It is becoming increasingly widely accepted that wide-azimuth 3D acquisition is the best way to improve imaging of complex and subtle traps. It is also claimed that high-density point source/point receiver acquisition constitutes the ultimate seismic acquisition technique. Clearly, both techniques require a considerable increase in equipment and density of both source and receiver points. How much is still a matter of debate. Currently most 3D vibroseis crews use two fleets of vibrators in flip-flop mode. The productivity depends on the sweep length and the time it takes to move from one VP to the next. The slip sweep technique is an attractive way of optimizing productivity to a level that can keep the cost of increasing source density within reasonable limits. The productivity increase with this technique is linked to a new parameter called the slip time (the minimum time interval between two consecutive SPs). In the real world, nothing is free and the price to be paid is that the data can be severely contaminated by harmonic noise due to the use of long sweeps combined with a very short slip-time. To overcome this problem, a method of harmonic noise reduction known as HPVA (High-Productivity Vibroseis Acquisition) has been developed. This method consists in estimating the harmonic noise in the vibroseis signature so that it can be subtracted. Several crews are now routinely using this technique with three to four fleets of vibrators. Recent 3D tests with 12 fleets of single vibrators also show very promising results which will be presented. Combined with a densification of the source grid, single-vibrator acquisition can bring either an improvement in data quality or an increase in productivity and opens the road to affordable dense, wide-azimuth seismic acquisition in desert environments.


Going somewhat belatedly down the road opened up by Ongkiehong and Askin in 1988 (1), the seismic industry is attracted by the point-source-point-receiver acquisition technique. The main reason why it takes so long to actually apply this technique lies in the difference between 2D and 3D. Ongkiehong's approach was essentially 2D at a time when 2D group intervals ranged typically between 15 and 30 m. Going one step downward to 5 m cost "only" 3 to 6 times more seismic channels and SPs. Today 3D group intervals typically range between 25 and 50 m. The same step downward would cost 25 to 100 more seismic channels and SPs. This paper relates an experiment conducted in order to evaluate the technical advantage and the economical feasibility of a single vibrator source. We shall first defend the choice of the slip sweep technique, which suffers from its sensitivity to harmonic noise; we will then discuss the design of the experiment and show some results.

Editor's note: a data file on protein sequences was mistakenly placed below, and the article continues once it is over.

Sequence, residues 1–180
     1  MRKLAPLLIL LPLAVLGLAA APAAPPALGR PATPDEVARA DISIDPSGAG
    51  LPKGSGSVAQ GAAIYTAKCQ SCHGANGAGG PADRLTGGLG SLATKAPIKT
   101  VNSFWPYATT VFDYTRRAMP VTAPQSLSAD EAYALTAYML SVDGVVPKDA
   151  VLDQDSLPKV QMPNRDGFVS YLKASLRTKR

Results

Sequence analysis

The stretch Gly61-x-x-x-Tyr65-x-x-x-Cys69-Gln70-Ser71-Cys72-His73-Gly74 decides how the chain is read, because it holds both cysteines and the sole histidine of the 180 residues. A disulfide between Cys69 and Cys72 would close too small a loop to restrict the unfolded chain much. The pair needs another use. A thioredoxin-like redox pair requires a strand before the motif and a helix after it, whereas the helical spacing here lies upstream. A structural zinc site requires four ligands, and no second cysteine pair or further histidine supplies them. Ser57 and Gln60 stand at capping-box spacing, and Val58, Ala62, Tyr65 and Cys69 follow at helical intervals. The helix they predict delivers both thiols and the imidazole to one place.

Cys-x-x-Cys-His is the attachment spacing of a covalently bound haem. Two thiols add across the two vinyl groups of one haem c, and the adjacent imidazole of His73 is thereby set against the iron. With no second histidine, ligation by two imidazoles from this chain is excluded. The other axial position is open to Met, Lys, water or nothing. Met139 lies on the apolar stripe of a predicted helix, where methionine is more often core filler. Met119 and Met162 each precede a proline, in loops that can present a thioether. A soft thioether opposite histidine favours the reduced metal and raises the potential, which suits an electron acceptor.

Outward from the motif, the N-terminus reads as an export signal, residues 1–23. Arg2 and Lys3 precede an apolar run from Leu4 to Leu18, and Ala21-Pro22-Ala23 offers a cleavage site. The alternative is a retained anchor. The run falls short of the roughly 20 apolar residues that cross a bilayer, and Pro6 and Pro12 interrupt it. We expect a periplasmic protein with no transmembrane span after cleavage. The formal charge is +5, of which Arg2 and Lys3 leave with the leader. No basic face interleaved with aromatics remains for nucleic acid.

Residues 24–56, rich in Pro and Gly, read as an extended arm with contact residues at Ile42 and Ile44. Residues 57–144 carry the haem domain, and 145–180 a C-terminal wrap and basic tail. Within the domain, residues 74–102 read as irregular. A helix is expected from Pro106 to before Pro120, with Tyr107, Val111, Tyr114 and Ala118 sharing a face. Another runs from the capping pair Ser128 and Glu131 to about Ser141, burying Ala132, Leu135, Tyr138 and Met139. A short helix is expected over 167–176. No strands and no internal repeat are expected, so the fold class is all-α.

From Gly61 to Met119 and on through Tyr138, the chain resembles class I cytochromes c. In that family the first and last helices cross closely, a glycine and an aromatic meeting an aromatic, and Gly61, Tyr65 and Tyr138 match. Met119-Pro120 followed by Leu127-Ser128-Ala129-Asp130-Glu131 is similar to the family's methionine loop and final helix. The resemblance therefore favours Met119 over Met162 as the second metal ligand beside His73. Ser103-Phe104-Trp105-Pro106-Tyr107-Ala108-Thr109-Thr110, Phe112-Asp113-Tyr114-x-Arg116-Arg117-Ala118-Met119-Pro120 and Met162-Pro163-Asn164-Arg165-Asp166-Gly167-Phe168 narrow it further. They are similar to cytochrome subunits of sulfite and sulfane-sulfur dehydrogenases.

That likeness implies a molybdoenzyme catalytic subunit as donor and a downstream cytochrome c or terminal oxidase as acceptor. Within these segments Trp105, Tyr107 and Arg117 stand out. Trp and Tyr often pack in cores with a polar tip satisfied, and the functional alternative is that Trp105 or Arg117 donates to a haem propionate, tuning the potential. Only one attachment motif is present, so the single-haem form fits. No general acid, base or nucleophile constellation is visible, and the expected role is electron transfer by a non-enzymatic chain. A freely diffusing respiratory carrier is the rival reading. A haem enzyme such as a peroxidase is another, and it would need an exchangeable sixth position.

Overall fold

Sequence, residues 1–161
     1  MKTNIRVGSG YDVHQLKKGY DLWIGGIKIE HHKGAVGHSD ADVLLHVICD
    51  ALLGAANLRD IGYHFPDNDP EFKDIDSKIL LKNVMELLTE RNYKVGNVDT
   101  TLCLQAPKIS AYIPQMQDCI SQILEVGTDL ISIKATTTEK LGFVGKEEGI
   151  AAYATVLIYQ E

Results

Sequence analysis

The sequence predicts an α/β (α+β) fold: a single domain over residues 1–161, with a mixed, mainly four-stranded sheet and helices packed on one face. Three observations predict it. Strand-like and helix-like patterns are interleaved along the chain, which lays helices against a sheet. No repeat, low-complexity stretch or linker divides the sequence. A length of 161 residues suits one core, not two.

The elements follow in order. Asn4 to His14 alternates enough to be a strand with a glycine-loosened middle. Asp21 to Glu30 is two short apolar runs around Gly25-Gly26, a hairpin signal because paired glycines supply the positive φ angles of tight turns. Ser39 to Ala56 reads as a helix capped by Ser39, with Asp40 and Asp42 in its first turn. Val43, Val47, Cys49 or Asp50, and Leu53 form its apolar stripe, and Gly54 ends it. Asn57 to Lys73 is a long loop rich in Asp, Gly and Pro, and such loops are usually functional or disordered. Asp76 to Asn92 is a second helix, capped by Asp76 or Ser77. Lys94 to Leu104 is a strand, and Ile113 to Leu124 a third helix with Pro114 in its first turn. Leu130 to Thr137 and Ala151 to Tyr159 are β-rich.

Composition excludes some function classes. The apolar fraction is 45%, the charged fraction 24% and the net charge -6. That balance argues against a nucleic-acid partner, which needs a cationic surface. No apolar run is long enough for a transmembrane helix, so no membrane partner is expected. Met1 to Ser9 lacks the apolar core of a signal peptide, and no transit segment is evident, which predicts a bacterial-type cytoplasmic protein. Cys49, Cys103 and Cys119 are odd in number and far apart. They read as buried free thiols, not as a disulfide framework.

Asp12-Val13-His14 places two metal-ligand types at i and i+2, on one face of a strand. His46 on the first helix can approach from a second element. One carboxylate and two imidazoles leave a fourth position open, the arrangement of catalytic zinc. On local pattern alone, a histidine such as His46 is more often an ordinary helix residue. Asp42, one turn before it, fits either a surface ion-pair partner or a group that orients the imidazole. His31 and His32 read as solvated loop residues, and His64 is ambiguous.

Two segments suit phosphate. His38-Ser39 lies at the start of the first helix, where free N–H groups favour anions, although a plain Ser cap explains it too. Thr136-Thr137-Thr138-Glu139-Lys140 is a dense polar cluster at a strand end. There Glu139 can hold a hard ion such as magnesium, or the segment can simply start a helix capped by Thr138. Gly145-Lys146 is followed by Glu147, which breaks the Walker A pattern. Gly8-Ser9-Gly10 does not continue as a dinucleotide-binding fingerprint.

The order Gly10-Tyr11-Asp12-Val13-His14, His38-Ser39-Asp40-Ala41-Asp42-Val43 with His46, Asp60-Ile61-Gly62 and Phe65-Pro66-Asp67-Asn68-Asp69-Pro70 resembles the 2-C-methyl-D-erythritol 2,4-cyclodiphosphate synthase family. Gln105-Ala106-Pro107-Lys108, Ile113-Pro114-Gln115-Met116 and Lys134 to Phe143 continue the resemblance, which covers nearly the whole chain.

Increasing Vibroseis source density with acceptable cost

According to the square root theory, to replace an array of n vibrators by one single vibrator while achieving the same signal to (ambient) noise ratio requires a multiplication by n2 of the vibrating time/km2; n, typically, is between 3 and 5. Therefore, as stated by D. Monk(2) in his address at the 2006 CSEG convention, it is very likely that the road toward the single vibrator will go through some form of simultaneous vibroseis technique. At the 2006 EAGE conference, C. Bagaini(3) compared several of these techniques. He concluded that the choice of a particular method should be dictated by two parameters: source signature repeatability and magnitude of the generated harmonics. At the 2002 EAGE conference, T. Bianchi(4) presented an experiment where various simultaneous acquisition techniques were compared. He concluded that, from a purely operational point of view, the slip sweep method was the most attractive because of its higher flexibility, with all vibrator groups being fully independent. He did recognize however, that harmonic noise and penetration were serious problems to be taken into account. Harmonic noise reduction was indeed proposed in 2002 by Meunier & Bianchi(5). Concerning penetration, Meunier and Bianchi(6) showed at the 2005 EAGE conference that the desired signal to ambient noise ratio could be achieved in slip sweep operations by adjusting the number of source groups to combine adequate sweep length and optimum productivity. This last remark, incidentally, changes the status of the listening time parameter which, being the shortest possible slip time, becomes operationally critical: in slip sweep operations, the shortest possible survey duration is fully defined by the survey area, the source density and the listening time

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